Piloting has been used by companies for decades to assess the efficacy of different tactics and to learn about their subscription commerce business. Some recurring revenue companies have become so proficient at executing pilots that they continuously test concepts, ideas, tactics, and business strategies.
However, despite the amount of piloting activity taking place, many managers still voice similar concerns and questions like: “Every time there is a pilot result discussion, it is like a groundhog day – same questions over and over. Am I doing something wrong? Why can’t I learn from my pilots?”
While there is no way to make pilot testing foolproof, extensive experience in the field has led Simon-Kucher to single out five core principles that are based on the most common pitfalls.
These guidelines certainly aren’t exhaustive. There are other aspects to consider when designing pilots (sample sizes, benchmarking metrics, system limitations, sometimes even corporate culture changes).
But hopefully these considerations can significantly improve the success and value of your pilots. Once mastered, pilots are a powerful tool to drive and educate strategy, pricing, marketing, and operations to help you accomplish your goals.
Some companies still use gut-feel to make decisions, they have never ventured to test hypotheses or actions. They view piloting as risky and are confused about implementation and reading the results to take concrete strategic actions. Their alternative is just to “design and roll-out”.
Pilots can be painful to implement and require careful planning. However, piloting can help validate the assumptions behind an initiative, allow you to understand where to tweak the initiative, and serve as a dry run for a full-scale roll-out. These things considered, there is high risk not to pilot.
There is such a thing as “getting too greedy” with pilots. A recent client was trying to re-frame their promotion strategy. To do so, they had many different levers they could pull: discount levels, list prices, promotion offer types, customer-specific discounts, etc. They brainstormed what combination these levers would work out the best, then piloted it.
When the pilot results came back, they found it impossible to pinpoint what drove the results and how. Was it the discounts level? Was it the offer type? Or a combination of both? This is not surprising – if you change too many things in an experiment, you won’t know what caused the change.
Eventually, we helped them design pilots that would test only one variable at a time. By testing wisely, they were able to estimate the impact of each individual lever and then design a smarter promotional strategy that incorporated what was learned.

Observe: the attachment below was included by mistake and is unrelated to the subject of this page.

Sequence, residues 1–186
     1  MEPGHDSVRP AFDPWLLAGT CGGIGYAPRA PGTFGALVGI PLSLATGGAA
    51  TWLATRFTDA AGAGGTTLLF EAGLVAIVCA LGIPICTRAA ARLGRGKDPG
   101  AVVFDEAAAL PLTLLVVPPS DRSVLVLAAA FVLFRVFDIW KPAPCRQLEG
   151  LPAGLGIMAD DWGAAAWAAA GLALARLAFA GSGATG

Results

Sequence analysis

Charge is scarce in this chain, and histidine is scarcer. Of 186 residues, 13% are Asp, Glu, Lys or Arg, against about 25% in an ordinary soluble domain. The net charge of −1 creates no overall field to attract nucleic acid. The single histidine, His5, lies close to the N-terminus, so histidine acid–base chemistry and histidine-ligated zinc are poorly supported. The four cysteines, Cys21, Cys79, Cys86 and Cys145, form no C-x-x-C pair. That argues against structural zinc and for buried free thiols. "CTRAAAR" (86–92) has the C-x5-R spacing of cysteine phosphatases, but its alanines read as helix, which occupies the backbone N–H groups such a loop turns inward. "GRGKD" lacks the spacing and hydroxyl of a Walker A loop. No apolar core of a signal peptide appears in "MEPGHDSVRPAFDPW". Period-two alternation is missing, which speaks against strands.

One of the most frequently asked questions about pilots is around the infamous “control group”. Everyone knows that there needs to be one. However, what should this control group look like and how do we use it?
The most important aspect of a control group is its similarity to the pilot group. This will serve as a benchmark for this test (not necessarily for the rest of the market). The point of running a pilot is to determine the impact of an action on a sample that represents a population. Just make sure your sample represents the population that you’re testing.
Think you can extract learning and determine what you should, or should not roll-out after a one week pilot? Not necessarily. Customers need time to get trained and the first days of a pilot could reflect just a ramp-up stage, instead of a “steady-state behavior”. Typically, the customers that engage with your company are the most likely to react to a change – positively or negatively.
You need to keep a cool head and let the dust settle. Depending on purchase cycles and subscriber volume, pilots could run anywhere from a couple of weeks (for high-volume cycles) to months (for low-volume cycles or hard-to-execute actions). Waiting it out will show you which customers react differently to varying actions. This will dictate how long you should expect for things to settle when you roll out the full program.
Pilots are often designed to perfection, yet horribly implemented. For example, in the quest to understand why a pilot was not performing well in the clearance section of a retailer, I personally went to the store to see what was going on. I was (unpleasantly) surprised when the sales associate told me that I needed to hand her the clearance item so that she could scan it and then tell me how much it was.
Putting this extra hurdle on the customer was not faulty design, but rather a lack of communication. In hurrying to get pilots to launch quickly, this company didn’t communicate clearly to their sales associates regarding implementation. Have in mind that, in many cases, sales and customer service personnel will be the ones who communicate your action to your customers. If you do not give them clear guidelines and scripts for how to explain the action, they can get very creative (and not always in a good way).